On November 2nd, voters will consider three bond questions that would authorize $177.4 million in new general obligation debt, which will ultimately cost the state $309.3 million with interest included. RIPEC today released an explanation of the state’s debt position as well as summaries of the proposed referenda in its Comments newsletter. The report also compares Rhode Island’s debt level and bond ratings to those in other states.
Rhode Island has made significant progress in managing its debt over the past 20 years and the state has maintained debt levels within the guidelines adopted by the Rhode Island Public Finance Management Board (PMFB). However, the Ocean State’s debt per capita ranks 9th highest in the nation. Further, all three major rating agencies have a negative outlook for Rhode Island general obligation bonds, in large part due to the unfunded pension liability and continued budgetary stress.
The FY 2011-2011 Capital Budget includes nearly $2.5 billion in revenue from current financing streams and $1.0 billion in debt issuance over the five year period. The financing plan includes approximately $494.1 million in general obligation debt during the five year period, including the referenda proposed this November (assuming all referenda are approved).As of June 30, 2010, Rhode Island had a net tax-supported debt of $1.866 billion, representing a 13.0 percent increase from two years prior. State debt is all debt in the state that requires an appropriation. Rhode Island ranks 9th in the nation in state debt per capita according to Moody’s, but behind Connecticut and Massachusetts, which ranked 1st and 2nd respectively. Rhode Island’s 2010 net tax-supported debt per capita was $2,127, which is over double the US median of $936.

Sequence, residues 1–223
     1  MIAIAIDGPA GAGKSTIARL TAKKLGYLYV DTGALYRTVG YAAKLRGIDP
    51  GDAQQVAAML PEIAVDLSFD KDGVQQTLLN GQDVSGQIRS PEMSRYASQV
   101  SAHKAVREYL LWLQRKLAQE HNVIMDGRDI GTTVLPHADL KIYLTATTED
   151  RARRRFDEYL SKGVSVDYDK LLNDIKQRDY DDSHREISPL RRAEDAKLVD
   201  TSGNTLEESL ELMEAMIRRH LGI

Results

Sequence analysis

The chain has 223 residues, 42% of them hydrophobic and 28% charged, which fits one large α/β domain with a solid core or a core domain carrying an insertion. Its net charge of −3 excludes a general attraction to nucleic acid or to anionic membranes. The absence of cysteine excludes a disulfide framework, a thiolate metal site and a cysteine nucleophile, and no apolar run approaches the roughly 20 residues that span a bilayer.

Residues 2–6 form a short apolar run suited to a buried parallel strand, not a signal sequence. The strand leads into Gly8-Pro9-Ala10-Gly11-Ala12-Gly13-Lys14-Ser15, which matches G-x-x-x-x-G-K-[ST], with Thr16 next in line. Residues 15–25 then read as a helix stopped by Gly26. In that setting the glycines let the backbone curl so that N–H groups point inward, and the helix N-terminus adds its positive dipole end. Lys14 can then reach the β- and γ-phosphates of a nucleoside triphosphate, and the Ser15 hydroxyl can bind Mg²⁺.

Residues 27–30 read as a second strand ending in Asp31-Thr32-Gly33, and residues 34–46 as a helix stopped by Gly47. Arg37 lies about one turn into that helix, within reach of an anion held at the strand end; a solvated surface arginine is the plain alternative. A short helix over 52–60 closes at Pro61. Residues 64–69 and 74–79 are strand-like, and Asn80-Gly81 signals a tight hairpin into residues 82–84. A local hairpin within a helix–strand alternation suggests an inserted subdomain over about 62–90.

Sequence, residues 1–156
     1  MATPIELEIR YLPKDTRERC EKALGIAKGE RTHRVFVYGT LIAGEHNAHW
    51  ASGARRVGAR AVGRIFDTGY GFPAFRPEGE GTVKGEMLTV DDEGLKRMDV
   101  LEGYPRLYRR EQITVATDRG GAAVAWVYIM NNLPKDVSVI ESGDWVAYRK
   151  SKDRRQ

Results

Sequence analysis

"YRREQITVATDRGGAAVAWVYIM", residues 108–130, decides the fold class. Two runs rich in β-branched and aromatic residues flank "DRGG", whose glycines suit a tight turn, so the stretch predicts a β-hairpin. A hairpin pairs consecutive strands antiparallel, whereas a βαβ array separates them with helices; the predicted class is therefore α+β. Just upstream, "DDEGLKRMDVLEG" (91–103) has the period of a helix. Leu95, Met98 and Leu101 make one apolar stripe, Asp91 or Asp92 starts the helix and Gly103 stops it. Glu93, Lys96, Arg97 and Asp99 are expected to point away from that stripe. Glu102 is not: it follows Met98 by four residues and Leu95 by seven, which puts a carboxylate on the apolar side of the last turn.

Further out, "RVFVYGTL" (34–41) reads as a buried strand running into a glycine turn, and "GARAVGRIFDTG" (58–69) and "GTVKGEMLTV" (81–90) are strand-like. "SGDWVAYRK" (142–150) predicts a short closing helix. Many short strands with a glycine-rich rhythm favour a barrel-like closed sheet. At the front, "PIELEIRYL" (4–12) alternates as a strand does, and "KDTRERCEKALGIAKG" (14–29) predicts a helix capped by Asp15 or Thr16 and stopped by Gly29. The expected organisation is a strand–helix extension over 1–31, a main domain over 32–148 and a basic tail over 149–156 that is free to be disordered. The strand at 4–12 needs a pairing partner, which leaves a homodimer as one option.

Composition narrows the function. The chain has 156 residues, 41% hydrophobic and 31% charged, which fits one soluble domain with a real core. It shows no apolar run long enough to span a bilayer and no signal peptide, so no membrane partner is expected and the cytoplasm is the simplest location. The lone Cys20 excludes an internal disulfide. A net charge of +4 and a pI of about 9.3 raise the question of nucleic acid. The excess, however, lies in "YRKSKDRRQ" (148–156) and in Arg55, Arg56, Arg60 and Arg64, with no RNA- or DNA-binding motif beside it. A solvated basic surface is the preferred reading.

RIPEC has traditionally not taken positions on bond referenda questions. However, RIPEC encourages taxpayers to consider the following questions when deciding whether to authorize new debt in November:
- Which projects will result in investments that will strengthen the state’s economy and help grow and retain jobs?
- Do some of the proposed projects represent higher priorities than others given finite resources?
- What is the “opportunity cost” of these projects if they are not approved?
- Do the benefits outweigh the costs of the project when interest costs are taken into account?
- Will these projects help the state achieve its policy goals?
- What impact will new capital projects have on the cost of operating state government?
- What will be the impact of the current credit situation on the availability and cost of borrowing?